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Air filters, purifiers

Detoxify your air - Causes of air pollution - Air filters, purifiers

Getting to know potential indoor air contaminants, and how to minimize or remove them from your living environment is time well spent. Not only that fighting indoor air pollution is most effective when air filtration is combined with minimizing pollution at the source; it also helps you figure out what kind of air filtration system you need for effective protection.

In general, air filters are either particulate or gas filters; they can be used either separately or combined, and either in conjunction with a forced-air heating/cooling system, or as portable units.

Every air-filtration system, or device, lists the smallest particle size which it efficiently removes (for instance, "removes 95% of particulates down to 3 micron"). It is good to have at least general idea of what contaminants are efficiently filtered out by a particular air filter. Here's what the size scale of common particulate indoor air contaminants looks like:

pollens are over 10 microns (1 micron=0.001mm)
▪ animal dander is in the 0.5-10 micron range
mold spores are from 1 micron to several microns in size,
smoke particulates range from 0.01 to 1 micron, and
viruses (large) are about 0.01 micron in size.

Particulate air filters come in several forms:
 
4 standard furnace filters are mechanical particulate filters with very low efficiency in reducing particulate levels

4 electrostatic air filters are somewhat better, but not significantly

4 electrostatic precipitators are best of the three, but still not highly efficient, and also losing it quickly with use

4 medium-efficiency air filters vary quite a bit in their particulate removing capability; those that go down to 2-3 microns are sufficient for most residential applications

4 High Efficiency Particulate Accumulators (HEPA) filters are efficient down to sub-micron particle sizes; true HEPA filters removes 99.97% of particles down to 0.3 microns

For removal of gaseous indoor air contaminants, you need adsorption air filters. They they are most often made with activated carbon (or "charcoal"), and sometimes with activated alumina. For removal of both, particulate and gaseous contaminants, the air-filtration unit needs combined adsorption and a particulate filter.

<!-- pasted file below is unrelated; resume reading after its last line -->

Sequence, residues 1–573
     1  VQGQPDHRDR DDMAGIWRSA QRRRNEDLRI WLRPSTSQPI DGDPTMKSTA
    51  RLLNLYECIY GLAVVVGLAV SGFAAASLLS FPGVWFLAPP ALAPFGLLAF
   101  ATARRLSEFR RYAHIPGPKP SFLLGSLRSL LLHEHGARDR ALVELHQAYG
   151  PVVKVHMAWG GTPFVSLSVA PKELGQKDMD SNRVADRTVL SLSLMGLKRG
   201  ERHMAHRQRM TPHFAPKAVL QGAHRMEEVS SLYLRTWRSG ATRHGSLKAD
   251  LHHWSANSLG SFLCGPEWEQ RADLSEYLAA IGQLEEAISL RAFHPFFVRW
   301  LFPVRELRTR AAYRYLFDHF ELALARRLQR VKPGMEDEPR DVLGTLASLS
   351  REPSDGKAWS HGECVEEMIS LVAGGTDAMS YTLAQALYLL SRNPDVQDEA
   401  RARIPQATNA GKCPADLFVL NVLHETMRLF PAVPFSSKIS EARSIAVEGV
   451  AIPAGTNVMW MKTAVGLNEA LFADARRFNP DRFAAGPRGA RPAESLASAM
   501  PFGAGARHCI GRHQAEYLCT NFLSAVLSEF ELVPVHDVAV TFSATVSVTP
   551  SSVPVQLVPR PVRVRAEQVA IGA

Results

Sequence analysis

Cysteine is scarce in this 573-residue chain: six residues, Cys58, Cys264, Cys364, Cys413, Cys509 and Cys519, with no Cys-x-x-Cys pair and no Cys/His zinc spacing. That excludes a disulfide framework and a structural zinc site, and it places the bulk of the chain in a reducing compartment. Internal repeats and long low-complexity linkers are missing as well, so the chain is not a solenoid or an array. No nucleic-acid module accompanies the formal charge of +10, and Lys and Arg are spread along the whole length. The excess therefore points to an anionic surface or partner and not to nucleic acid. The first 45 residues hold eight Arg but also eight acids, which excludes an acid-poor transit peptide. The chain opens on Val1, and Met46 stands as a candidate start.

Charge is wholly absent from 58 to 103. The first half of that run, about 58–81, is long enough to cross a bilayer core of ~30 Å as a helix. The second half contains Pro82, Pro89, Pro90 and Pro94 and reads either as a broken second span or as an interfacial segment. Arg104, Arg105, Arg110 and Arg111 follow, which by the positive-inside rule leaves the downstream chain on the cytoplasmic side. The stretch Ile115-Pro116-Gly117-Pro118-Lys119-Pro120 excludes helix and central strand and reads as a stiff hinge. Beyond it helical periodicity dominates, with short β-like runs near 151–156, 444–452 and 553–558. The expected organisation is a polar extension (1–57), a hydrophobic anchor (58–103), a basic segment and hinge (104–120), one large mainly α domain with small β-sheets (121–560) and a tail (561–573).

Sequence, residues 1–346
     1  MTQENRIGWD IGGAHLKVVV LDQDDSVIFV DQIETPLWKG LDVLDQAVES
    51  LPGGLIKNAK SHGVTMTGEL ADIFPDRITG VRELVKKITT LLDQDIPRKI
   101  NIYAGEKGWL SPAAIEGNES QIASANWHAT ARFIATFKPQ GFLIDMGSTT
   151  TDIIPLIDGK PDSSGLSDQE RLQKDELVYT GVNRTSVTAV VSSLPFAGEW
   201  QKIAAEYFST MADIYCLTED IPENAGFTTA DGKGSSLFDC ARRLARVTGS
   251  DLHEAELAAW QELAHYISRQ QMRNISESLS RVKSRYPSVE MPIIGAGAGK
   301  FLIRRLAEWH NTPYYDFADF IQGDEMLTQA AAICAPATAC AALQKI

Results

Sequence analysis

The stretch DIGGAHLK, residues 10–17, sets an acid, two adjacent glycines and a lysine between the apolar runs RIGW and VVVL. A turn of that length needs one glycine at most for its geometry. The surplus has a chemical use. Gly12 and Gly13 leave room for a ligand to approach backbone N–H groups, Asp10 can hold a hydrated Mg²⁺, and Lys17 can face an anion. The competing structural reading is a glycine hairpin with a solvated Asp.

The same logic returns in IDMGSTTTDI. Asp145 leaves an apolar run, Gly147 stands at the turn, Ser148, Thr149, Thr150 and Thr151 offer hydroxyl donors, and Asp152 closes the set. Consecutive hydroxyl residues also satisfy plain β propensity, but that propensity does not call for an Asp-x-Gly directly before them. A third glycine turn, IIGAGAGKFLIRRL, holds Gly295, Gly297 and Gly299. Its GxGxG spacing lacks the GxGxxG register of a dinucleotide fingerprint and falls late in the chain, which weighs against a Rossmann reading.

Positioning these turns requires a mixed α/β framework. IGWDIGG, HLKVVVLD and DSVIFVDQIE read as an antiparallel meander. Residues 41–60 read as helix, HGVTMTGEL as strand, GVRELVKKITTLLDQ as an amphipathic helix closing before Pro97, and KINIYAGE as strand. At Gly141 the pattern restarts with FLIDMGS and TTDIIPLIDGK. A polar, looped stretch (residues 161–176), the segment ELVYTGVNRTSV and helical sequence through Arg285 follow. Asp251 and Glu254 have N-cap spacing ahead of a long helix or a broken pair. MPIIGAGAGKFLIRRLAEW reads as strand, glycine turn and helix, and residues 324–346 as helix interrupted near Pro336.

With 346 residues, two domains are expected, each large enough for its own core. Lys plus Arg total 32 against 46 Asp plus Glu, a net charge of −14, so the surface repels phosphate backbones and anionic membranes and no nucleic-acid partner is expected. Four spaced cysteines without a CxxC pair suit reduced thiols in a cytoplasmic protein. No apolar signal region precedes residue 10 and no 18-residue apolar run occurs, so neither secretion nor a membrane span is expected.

The main difference between activated carbon on one, and alumina on the other side, is that the former works well in removing high-molecular-weight gases (benzene, tuolene, ethers) but, unless specially treated, not so well with low-molecular-weight gases, like formaldehyde, ammonia or propane. Since the efficiency of adsorption filters directly depends on their area, the more of activated carbon, the better performance.

On the other hand, activated alumina works well with low-molecular-weight gases. Also, it reacts with gaseous contaminants, changing them chemically, rather than just adsorbing them, as activated carbon does.

Your choice of air filter depends on the job you need it to do. It can be a single filter, or any combination of them. For portable units, size of air-purifier is also important factor of its efficiency. Room-sized units need to be large enough to efficiently service a room they are intended for. Desktop units, in general, have too small capacity for efficient air filtering.

Air-filtration in conjunction with a forced air heating/cooling system should have air-handler fan that runs separately, in order to have continuous, efficient filtration.  

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